One of the features that draws me to the Android (s goog) platform is the ability to install apps that add to the enjoyment of the phone. The number and quality of apps in the Android Market is good and getting better all the time. The challenge these days is finding good apps to try from the thousands in the Market. That’s why I turned to the Twitterverse. I asked my Twitter friends to send me the apps they like best, and the responses were overwhelming. Android users are the best source of information about the best apps, and you stepped up to the plate admirably.
I heard from many Android users who mentioned hundreds of good apps to try. I spent a fair amount of time going through every single tweet, and came up with this list of 20 apps that the most people recommend. The list is in no particular order and all of these apps are top-notch. In one instance, you’ll find multiple apps listed (e.g. Twitter clients). So many people recommended Twitter apps that I lumped those together. The apps in this list are by no means the only good Android apps, but all of these are highly recommended by users.
RunKeeper. Many Android owners are cyclists or runners, as this app received a lot of recommendations. This app tracks runs using the phone’s GPS, and presents constant analysis of the session. It provides stats during a run, walk or cycling tour such as speed, distance and calories burned. Free.
Kindle. Amazon finally got the Kindle app for Android out to the e-book reading masses, and based on user response it’s a good thing they did. The Kindle app was handily the reader that respondents like, and I have to agree with the choice. Free.
SystemPanel. Android is a powerful OS and is unusual for a smartphone platform in that it is highly configurable. This app provides a way to monitor the entire system to see what is going on in addition to a task manager that is very good. The ability to graph long-term battery usage is outstanding. There is a free version and a paid version ($2.99) that adds additional features. I use the paid version.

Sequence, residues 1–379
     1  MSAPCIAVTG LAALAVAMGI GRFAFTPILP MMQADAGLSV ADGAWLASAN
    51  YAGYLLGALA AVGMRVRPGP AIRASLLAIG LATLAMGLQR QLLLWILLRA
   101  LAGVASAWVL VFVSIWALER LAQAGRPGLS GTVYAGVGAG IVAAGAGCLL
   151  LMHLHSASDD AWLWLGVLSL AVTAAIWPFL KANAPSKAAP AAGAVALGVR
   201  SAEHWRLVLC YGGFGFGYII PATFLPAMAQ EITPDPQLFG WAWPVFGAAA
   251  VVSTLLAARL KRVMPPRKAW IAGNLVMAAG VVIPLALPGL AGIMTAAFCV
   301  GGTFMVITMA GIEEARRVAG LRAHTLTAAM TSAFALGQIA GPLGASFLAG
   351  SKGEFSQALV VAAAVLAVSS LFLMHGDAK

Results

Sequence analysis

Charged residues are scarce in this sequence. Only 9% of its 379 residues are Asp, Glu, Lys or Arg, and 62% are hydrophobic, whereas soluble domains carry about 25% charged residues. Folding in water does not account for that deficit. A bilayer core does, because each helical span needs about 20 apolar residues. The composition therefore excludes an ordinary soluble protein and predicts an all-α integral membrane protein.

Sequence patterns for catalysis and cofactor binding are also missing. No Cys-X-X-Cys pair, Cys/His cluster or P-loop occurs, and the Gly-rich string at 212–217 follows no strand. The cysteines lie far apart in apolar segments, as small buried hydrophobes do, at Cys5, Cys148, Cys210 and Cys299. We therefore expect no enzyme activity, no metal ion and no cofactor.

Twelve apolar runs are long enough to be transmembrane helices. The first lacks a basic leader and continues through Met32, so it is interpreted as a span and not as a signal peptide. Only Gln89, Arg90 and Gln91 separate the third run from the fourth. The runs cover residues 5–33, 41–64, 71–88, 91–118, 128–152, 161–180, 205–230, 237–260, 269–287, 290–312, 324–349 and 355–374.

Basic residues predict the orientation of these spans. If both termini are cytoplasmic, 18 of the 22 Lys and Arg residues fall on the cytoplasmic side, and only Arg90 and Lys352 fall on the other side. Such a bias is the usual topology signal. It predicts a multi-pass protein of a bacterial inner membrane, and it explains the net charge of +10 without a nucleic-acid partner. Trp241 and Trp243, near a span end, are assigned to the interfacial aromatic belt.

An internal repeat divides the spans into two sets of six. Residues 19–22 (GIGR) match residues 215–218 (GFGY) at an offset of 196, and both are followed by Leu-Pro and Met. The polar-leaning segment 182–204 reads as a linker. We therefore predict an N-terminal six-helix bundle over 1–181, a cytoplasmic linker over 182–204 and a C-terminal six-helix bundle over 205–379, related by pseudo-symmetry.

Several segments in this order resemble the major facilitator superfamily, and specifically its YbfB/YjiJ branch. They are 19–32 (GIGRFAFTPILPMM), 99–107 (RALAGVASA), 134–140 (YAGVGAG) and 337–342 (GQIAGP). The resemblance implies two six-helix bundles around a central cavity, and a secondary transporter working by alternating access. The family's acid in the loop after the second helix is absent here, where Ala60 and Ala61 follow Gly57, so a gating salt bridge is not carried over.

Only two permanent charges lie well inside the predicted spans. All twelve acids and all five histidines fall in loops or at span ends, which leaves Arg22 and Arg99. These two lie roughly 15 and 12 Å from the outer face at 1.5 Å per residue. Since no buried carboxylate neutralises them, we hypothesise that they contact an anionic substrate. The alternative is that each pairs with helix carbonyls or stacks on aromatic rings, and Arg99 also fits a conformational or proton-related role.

Quick Settings. All of those settings in Android can be daunting to wade through, especially for newbies, and this utility brings the most commonly accessed settings into one place. You’ll find volume, ringer and screen brightness among others right at your fingertip. Free.
Speed Test. A good way to determine current bandwidth is always good to have on a smartphone. This app is from the Speedtest.net folks and makes it a simple tap to see how good network speeds are at any time. It’s especially good at showing off the 4G if your phone supports it. Free.
Google Sky Map. Having Google behind Android is a good thing, as some cool apps come out of that association. Google Sky map has to be tried to fully appreciate what it does. Point your Android phone at the night sky, and Sky Map uses the phone’s compass, clock and GPS to identify stellar objects and display the names on the screen. Free.
Twitter clients. There are no shortage of ways to tweet on Android phones and these four apps were highly recommended. Each of them does a good job handling Twitter activities and presenting tweets with good use of the phone’s screen. Your favorite one will end up being personal preference. I admit I have all four of these apps installed on my phone. I regularly switch around just for fun. Note that all of these apps have the ability to run in the background and check updates regularly. They can give notifications or display updates on widgets that are included. This background checking can hit the phone’s battery hard, so pay attention to the settings at installation time.